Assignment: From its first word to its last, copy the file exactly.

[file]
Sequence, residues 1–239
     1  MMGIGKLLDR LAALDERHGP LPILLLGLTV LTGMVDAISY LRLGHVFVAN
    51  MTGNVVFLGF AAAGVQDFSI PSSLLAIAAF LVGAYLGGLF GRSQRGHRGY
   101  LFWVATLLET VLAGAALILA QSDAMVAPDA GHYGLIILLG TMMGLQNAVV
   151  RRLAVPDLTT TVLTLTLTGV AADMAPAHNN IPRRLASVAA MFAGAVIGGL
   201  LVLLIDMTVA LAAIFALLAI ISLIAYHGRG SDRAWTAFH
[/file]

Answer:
Sequence, residues 1–239
     1  MMGIGKLLDR LAALDERHGP LPILLLGLTV LTGMVDAISY LRLGHVFVAN
    51  MTGNVVFLGF AAAGVQDFSI PSSLLAIAAF LVGAYLGGLF GRSQRGHRGY
   101  LFWVATLLET VLAGAALILA QSDAMVAPDA GHYGLIILLG TMMGLQNAVV
   151  RRLAVPDLTT TVLTLTLTGV AADMAPAHNN IPRRLASVAA MFAGAVIGGL
   201  LVLLIDMTVA LAAIFALLAI ISLIAYHGRG SDRAWTAFH